Could a Brexit see Ireland get more Foreign Direct Investment?

The ESRI says Ireland's corporation tax is an important factor

ESRI, Brexit, FDI, Foreign Direct Investment, corporation tax, Ireland, EU,

A poster is seen at a Brexit conference in the Aviva Stadium in Dublin | Image: Rollingnews.ie

A new study from the Economic and Social Research Institute (ESRI) has said Ireland could potentially cash in if Britain votes to leave the European Union.

It says: "Ireland and the UK are perceived to be similar as alternative locations" for Foreign Direct Investment (FDI), "in particular by investors from outside the EU and for FDI in the services sector".

"This result suggests that a possible redirection of FDI from the UK to Ireland in the case of Brexit would be more likely by investors from outside the EU and in the services sector", it adds.

The new research examines the impact of corporate taxation - and other factors - on the attractiveness of Ireland and other EU countries to FDI.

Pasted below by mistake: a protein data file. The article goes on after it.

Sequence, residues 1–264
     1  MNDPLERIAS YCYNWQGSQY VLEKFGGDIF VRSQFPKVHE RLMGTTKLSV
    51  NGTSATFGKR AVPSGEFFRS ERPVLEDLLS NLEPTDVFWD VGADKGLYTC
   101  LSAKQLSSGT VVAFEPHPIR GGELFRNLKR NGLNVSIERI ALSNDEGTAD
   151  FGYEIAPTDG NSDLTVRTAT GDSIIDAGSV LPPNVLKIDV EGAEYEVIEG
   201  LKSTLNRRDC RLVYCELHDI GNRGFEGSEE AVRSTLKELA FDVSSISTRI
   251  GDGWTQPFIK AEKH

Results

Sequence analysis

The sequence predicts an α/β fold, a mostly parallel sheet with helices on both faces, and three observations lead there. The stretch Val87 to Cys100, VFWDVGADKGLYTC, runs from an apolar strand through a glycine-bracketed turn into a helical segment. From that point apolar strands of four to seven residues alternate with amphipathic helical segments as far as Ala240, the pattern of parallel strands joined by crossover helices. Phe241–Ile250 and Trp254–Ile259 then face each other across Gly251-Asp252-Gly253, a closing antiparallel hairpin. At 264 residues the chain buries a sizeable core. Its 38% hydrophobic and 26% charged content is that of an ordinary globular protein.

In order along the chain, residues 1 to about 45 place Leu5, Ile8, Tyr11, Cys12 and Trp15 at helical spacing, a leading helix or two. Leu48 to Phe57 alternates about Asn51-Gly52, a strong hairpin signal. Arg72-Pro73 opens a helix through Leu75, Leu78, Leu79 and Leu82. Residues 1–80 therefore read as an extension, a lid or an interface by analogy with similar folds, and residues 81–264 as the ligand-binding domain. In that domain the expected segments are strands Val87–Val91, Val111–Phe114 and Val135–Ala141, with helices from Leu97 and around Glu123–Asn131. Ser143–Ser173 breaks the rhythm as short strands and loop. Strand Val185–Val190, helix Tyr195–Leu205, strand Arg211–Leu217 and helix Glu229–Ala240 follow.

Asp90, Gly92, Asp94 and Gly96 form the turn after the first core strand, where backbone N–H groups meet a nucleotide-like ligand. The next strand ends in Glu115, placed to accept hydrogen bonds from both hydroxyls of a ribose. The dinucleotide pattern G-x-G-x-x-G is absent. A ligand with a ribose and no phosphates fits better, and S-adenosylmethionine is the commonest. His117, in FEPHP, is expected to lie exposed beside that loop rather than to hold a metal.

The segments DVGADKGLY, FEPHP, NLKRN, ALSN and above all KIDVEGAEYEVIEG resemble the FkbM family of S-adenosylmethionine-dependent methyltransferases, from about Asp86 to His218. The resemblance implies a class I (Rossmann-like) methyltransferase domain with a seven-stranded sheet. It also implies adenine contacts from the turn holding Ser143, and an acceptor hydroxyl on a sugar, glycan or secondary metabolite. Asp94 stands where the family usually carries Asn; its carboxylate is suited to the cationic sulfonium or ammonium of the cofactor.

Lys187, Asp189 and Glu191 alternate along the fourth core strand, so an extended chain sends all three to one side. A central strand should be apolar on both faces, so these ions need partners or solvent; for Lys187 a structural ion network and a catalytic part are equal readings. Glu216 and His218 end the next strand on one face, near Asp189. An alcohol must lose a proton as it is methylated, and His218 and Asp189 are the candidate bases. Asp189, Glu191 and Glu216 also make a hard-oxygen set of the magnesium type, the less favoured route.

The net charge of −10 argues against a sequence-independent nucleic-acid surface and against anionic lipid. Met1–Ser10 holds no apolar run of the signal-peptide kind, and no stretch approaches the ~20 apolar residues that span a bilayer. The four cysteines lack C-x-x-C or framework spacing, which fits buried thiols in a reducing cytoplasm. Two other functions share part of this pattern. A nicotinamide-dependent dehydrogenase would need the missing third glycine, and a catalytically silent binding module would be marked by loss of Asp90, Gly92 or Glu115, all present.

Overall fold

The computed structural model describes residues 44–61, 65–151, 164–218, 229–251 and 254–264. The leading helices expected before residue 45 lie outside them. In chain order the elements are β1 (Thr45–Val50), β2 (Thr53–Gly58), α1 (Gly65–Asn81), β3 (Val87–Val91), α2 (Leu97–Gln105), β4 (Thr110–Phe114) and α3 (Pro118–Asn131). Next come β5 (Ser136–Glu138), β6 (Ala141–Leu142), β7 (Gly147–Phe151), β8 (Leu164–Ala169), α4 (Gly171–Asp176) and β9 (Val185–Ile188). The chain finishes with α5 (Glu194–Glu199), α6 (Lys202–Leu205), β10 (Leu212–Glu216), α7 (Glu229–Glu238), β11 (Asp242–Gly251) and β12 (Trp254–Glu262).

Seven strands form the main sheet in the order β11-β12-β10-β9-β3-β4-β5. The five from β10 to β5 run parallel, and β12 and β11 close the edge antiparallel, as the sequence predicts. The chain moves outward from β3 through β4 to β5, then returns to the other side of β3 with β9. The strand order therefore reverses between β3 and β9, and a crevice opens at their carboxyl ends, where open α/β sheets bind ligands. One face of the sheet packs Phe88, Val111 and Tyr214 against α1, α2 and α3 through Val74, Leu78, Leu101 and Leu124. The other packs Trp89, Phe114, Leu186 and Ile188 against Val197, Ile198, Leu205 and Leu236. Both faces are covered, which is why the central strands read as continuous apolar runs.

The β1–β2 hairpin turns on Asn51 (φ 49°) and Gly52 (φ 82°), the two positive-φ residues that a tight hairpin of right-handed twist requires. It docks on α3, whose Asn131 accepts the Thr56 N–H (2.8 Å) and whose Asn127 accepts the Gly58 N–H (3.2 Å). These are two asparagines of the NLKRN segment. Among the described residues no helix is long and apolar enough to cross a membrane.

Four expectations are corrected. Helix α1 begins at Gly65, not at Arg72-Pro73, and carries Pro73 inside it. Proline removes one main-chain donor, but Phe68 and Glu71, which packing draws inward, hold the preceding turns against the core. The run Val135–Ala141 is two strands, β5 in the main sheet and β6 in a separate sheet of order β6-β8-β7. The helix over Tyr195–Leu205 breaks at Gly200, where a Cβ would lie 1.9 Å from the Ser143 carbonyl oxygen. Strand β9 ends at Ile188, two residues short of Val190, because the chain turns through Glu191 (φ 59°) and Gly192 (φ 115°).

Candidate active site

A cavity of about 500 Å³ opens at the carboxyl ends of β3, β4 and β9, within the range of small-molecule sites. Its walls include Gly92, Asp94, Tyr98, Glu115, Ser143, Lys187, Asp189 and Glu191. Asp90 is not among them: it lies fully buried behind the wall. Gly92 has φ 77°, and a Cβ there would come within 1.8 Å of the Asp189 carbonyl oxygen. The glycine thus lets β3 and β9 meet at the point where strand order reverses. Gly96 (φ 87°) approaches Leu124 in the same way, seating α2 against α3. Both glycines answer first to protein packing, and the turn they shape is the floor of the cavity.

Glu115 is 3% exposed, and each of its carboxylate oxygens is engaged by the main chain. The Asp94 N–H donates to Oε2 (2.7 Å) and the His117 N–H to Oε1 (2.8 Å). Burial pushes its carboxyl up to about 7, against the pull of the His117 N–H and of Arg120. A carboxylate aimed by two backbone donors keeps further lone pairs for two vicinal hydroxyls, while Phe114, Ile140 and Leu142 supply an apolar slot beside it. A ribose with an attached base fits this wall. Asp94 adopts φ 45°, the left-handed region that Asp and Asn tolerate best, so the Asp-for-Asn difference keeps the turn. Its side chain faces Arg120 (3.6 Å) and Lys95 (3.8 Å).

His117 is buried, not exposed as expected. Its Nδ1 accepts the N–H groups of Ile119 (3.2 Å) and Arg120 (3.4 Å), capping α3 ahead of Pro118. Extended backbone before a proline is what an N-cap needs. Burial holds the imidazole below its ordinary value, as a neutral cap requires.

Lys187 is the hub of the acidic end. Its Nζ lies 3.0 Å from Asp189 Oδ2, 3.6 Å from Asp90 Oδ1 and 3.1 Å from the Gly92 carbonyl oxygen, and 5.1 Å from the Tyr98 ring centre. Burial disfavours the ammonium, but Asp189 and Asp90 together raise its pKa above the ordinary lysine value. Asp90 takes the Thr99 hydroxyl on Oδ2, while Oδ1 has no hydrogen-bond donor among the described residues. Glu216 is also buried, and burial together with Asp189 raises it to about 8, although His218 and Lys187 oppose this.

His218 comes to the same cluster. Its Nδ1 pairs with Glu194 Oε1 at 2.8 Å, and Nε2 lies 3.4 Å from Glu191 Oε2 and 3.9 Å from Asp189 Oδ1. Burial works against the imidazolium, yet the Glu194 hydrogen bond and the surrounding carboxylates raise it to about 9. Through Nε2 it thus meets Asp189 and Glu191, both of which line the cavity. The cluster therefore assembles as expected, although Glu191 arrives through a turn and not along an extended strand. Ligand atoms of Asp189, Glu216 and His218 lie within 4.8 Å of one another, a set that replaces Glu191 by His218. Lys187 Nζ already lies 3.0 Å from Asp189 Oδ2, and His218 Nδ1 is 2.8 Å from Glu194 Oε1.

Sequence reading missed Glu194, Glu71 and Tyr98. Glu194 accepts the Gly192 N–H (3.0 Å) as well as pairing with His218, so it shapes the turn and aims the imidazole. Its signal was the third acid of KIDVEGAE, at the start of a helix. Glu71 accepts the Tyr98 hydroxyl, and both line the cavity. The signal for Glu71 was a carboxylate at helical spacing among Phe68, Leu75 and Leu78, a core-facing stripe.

It says that on average, all else being equal, lower corporate tax rates increase the attractiveness of EU countries to FDI.

"However, over and above the effect of corporate tax rates, a number of other location characteristics are found to significantly increase countries' chances of being chosen as a location for FDI, including market size, access to the European Single Market, low production costs, high R&D capacity, as well as cultural and geographical proximity relative to investors".

Policy analysis based on these results also indicate that, assuming all other location characteristics would remain unchanged, a one percentage point increase in Ireland's corporate tax rate (from 12.5% to 13.5%) would reduce its chance to be chosen as a location from non-EU countries by 4.6%.

"Taken together, these research results indicate that a competitive corporate tax rate is a significant factor in attracting FDI to Ireland especially from countries outside the EU".

Author of the report, Dr Iulia Siedschlag, is an associate research professor with the ESRI. She told Newstalk Breakfast any small changes could hurt us.